Ciabatta is about as simple as bread gets...and also about as delicious. So why don't you make some ciabatta, dummy!

It'll only take a a few steps/few hours and most of that time the dough is doing all the work, so you can just relax.

Step 1: Ingredients

  • 500g bread flour
  • about 2 cups of warm water
  • 2 tsp. yeast
  • 1 tbsp. salt

Put your ingredients in a bowl which is AT LEAST 3x the volume of your ingredients.

Now use a something to vigorously stir, or whip, the batter together. do this for 5-10 minutes until your mixture is a goopy batter, almost like what you would use for pancakes but much thicker. I like using the handle-end of a wooden spoon to mix my ciabatta batter because it's easy to move the batter around and also because it's easy to clean.
If you want, after mixing the batter, you can move the batter to an oiled bowl but the batter will still end up sticking after a couple of hours in the bowl so I don't bother

Now wait for the batter to TRIPLE in size; this should take between 1.5 and 2.5 hours, give or take. When it's tripled it'll look like the pictures.
<p>I made it again today. Will be having it with lunch and supper tomorrow probably.</p>
<p>crushed up some fresh rosemary with rock salt in my mortar and pestle to flavour this bread. It was liquid but I added flour to the dough to speed up the process and get the bread into the oven faster. Basically once the liquid has risen to half, because of time co straits, I added 1 cup more flour to the bowl and stirred it in, making the dough soft and easy to form into one loaf. .... this meant that I ended up making more of a soft fluffy dough than a bubbly ciabatta, but it was amazing. I brushed olive oil on the top and had my trusty assistant (my dinner guest) crack some salt onto he top of the loaf. Was enjoyed by all diners, and roommates picking at it while passing by. Thanks Justin!</p><p>The cat sort of helped with team spirit and enthusiasm,,,,,!</p>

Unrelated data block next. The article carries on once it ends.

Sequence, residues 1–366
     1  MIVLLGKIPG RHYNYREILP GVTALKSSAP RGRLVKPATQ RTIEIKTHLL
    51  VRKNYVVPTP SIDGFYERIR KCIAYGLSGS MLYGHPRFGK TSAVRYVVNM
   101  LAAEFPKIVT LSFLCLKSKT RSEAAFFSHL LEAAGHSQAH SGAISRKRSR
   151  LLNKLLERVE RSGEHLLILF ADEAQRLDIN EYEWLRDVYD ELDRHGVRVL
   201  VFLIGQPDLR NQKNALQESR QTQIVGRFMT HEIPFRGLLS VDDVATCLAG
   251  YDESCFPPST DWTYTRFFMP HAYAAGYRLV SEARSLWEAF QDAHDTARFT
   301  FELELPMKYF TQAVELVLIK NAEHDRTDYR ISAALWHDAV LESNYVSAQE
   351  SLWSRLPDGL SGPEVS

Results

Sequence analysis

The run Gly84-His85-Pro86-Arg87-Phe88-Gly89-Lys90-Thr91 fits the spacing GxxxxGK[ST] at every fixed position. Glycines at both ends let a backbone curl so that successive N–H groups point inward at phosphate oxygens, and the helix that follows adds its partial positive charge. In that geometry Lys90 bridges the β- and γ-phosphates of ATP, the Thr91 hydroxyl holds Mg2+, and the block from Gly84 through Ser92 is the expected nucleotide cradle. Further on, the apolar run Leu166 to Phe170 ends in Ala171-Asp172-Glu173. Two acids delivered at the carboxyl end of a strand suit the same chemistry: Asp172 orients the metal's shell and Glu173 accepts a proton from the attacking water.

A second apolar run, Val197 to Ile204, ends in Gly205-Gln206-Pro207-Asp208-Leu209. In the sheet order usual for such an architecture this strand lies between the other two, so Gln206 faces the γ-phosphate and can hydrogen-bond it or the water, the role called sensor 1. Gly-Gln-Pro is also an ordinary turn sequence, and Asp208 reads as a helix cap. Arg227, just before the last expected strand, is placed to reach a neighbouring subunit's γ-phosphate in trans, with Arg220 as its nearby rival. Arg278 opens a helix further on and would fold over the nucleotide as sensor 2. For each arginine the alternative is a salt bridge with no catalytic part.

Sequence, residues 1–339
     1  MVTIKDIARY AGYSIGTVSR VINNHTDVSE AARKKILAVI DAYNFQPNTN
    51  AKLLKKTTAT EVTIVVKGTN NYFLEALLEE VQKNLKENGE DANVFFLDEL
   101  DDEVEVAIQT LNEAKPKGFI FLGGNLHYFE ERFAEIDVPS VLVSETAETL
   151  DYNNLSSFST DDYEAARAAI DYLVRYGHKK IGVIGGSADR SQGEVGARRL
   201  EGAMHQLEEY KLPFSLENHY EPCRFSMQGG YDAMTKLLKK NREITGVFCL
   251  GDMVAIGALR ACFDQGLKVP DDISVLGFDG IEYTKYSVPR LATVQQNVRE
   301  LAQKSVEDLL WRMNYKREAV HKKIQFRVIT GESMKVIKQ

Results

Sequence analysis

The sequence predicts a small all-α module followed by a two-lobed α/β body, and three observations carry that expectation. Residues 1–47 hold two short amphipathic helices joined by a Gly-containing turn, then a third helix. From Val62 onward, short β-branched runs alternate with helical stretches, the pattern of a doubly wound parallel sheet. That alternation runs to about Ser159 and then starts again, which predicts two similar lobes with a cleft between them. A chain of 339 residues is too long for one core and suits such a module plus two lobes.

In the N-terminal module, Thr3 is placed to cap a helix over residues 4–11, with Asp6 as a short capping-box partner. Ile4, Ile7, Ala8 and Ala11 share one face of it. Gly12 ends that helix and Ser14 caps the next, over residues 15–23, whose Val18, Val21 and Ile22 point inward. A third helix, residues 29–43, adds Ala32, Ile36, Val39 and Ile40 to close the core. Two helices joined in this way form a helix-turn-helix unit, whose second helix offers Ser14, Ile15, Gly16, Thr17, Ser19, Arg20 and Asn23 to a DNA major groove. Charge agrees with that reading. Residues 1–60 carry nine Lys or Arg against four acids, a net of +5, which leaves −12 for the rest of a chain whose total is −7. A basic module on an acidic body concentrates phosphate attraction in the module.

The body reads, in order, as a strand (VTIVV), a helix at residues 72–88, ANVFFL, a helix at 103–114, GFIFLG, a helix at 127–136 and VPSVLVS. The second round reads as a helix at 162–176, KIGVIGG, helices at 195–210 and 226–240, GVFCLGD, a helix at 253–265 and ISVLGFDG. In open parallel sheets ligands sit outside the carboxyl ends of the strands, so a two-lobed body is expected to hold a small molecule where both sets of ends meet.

2 cups of warm water... <br>US cups? that was a bit much i think it was all runny and almost liquid... Bubled like hell, but didnt rise because it was too liquid... <br>What kind of cups did you use? <br>How about you give us an amount in milliliters? :)
Look delicious. Fresh yeast or dry yeast? <br>
Yeast farts, heh he heh. Classic. <br>I used to be grossed out by the idea of yeast but it is an awesome creature! Now I got a bunch of homemade cheese aging in the fridge, Mead fermenting in the crawl space. and pizza about in the oven. <br>These ciabattas look super easy and delicious. Nice instructable <br>Cheers, no?
Yeast is so amazing! but it is a little creepy that it pisses alcohol and makes bread rise with it's farts. I made some cheese the other day, but just a cream cheese, out of some sour milk. Thank you! Cheers, yes.
Can't wait to try this recipe! Are going to share how to make the cream cheese soon? ;)
I wasn't going to since it's so easy and I figured it was already an 'ible. For cream cheese just boil some milk that has gone sour until the chunks separate from the clear liquid, strain the mixture in a clean cloth, add some salt or herbs/spices, and compress. When you've squeezed most of the liquid out of the mixture then place the solid chunk of cheese into a container and then into the fridge. I'm not sure it's exactly cream cheese but it tasted like it to me.

About This Instructable




Bio: Justin Tyler Tate is an artist, designer, animator, teacher, jeweler and maker/hacker who produces with thoughts of culture, science and interactivity.
More by Justin Tyler Tate:PCB Pyramid Jewelry  Baked Cheesy Potato Bites (with Bacon) How to Take in a T-shirt (without a Sewing Machine) 
Add instructable to: